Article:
In collaboration with the Sportsecyclopedia.com
Tiger Woods survives a charge from 19-year-old Sergio Garcia of Spain to win the PGA Championship at Medinah County Club in suburban Chicago. It was the second career major title for Tiger, after winning the 1997 Masters. Garcia, however, stole the show nearly overcoming a five-stroke deficit on the back nine. With the win, Tiger Woods began a stretch of winning five of the next six major titles.
As the 20th Century was coming to a close, golf was more popular than ever thanks to a group of young professionals led by Tiger Woods who burst upon the scene and won the PGA Championship in 1997, after turning professional and winning three straight U.S. Amateur titles. After winning the Masters, Tiger Woods was showing signs of greatness, though he had yet to hit his stride. He had five Top-Ten finishes at majors but had yet to put together four complete rounds to claim a second title. Heading into the PGA Championship, Tiger Woods at the age of 23 was having a great season as he was on the way to winning Player of the Year for the second time in three years as he was on the way to winning eight tournaments while making every cut.
Sergio Garcia was the new kid on the block, having just turned professional before the PGA Championship as he competed in the Masters and was the low amateur, finishing 37th. At 19, Garcia was the latest in the line of swashbuckling Spaniards in the tradition of Seve Ballesteros.
Sergio Garcia got everyone’s attention early at Medinah, recording a six-under-par 66, to hold a two-stroke lead over Jay Haas, J.P. Hayes and Mike Weir. Tiger Woods meanwhile had an up and down first round shooting a 70 as he was in a crowd of golfer at -2. The second round brought in the storm clouds, as Tiger Woods shot a 67 in the rain, and sat at -6, in third place behind Haas who had a 67 on Friday and sat -9, while Weir was at eight-under after 68. Lee Westwood was in fourth at the midway point at -6, after a 68, while Sergio Garcia struggled and was in a tie for fifth at -5, after shooting a disappointing 73 in the second round.
Sergio Garcia got back on track in the third round, shooting a four-under-par 68 to go into Sunday tied for third with Stewart Cink at -9. Meanwhile, Tiger Woods moved to the top of the leaderboard with a 68 and sat in a tie with Mike Weir at -11 after a nice 69 in the third round. Saturday was not so nice for Jay Haas the 36-hole leader as he dropped to -6 after a 75.
Sunday at Medinah was all about Tiger Woods in the early going, as he looked to be poised to cruise to the Wannamaker Trophy, building a five-stroke lead after the 11th hole. Mike Weir playing with Tiger had a nightmare final round, shooting 80 as he finished tied for tenth at -3. Jay Haas recovered from a rough third round and finished tied for third at -8, with Stewart Cink who had a 73 on the last day. Only Sergio Garcia and Nick Price remained at -10 in contention with Tiger Woods on the back nine. Price would face finishing at -7, while Garcia nearly completed a historic comeback.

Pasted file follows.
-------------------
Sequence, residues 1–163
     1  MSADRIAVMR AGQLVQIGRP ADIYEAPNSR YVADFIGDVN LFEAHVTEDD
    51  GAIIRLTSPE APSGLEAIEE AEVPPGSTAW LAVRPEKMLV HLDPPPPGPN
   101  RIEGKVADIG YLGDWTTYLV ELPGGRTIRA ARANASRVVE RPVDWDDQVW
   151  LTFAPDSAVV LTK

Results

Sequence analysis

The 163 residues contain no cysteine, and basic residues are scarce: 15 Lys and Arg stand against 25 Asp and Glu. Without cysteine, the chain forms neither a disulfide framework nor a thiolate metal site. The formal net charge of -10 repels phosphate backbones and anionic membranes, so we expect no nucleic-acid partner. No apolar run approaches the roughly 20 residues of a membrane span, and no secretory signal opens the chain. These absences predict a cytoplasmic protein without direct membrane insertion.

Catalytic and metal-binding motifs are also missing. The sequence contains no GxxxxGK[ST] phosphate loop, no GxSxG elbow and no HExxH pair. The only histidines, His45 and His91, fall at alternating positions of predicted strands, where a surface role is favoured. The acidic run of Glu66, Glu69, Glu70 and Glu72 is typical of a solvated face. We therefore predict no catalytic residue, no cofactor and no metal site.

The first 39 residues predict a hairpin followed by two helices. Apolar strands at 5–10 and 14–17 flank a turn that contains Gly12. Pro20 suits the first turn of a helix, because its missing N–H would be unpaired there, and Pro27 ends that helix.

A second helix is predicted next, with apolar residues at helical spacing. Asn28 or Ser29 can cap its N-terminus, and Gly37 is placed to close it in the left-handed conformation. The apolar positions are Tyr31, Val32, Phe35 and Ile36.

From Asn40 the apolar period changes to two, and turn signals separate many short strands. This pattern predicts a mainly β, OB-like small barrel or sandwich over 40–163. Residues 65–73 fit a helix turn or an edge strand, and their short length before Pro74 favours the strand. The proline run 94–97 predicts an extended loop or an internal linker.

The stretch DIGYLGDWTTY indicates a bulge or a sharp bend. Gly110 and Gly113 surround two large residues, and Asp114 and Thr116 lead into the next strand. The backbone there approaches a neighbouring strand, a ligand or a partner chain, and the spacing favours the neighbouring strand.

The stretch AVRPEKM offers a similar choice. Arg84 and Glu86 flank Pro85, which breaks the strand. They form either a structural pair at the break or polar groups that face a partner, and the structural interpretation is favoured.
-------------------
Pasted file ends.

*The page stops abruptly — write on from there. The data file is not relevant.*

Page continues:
It started on the 12th, as Tiger Woods gave back a stroke to go from -15 to -14. Sergio Garcia, now the last golfer at -10 saw his opening and began taking bold shots to make things interesting, to say the least. On the Par-3 13th hole Sergio hit a brilliant shot to get a birdie, while Tiger recorded a double-bogey five, cutting his lead to one stroke. While Tiger began to lose his edge, Sergio Garcia was making crazy shots to keep the deficit at one stroke. After a bogey on 15, to fall back to two strokes, Sergio made a shot behind a tree to the green running it down with a hop and skip to keep the pressure on Woods, who in a similar situation bogeyed on the 16, dropping the lead to one stroke once again.
Tiger Woods would make great par saves on the last two holes and would finish an eleven under par 277, while Sergio fell just short at 278. The championship would start a stretch of five major titles in six tournaments, as he followed up with the Tiger slam in 2000, winning the US Open, British Open and repeating at the PGA while returning in 2001 to win the Masters. Sergio Garcia meanwhile has had a somewhat disappointing career, marked by late-round meltdowns as he did not win his first major title until the 2017 Masters. To date, it is his only major title. Tiger Woods on the other hand has won 15, second only to Jack Nicklaus.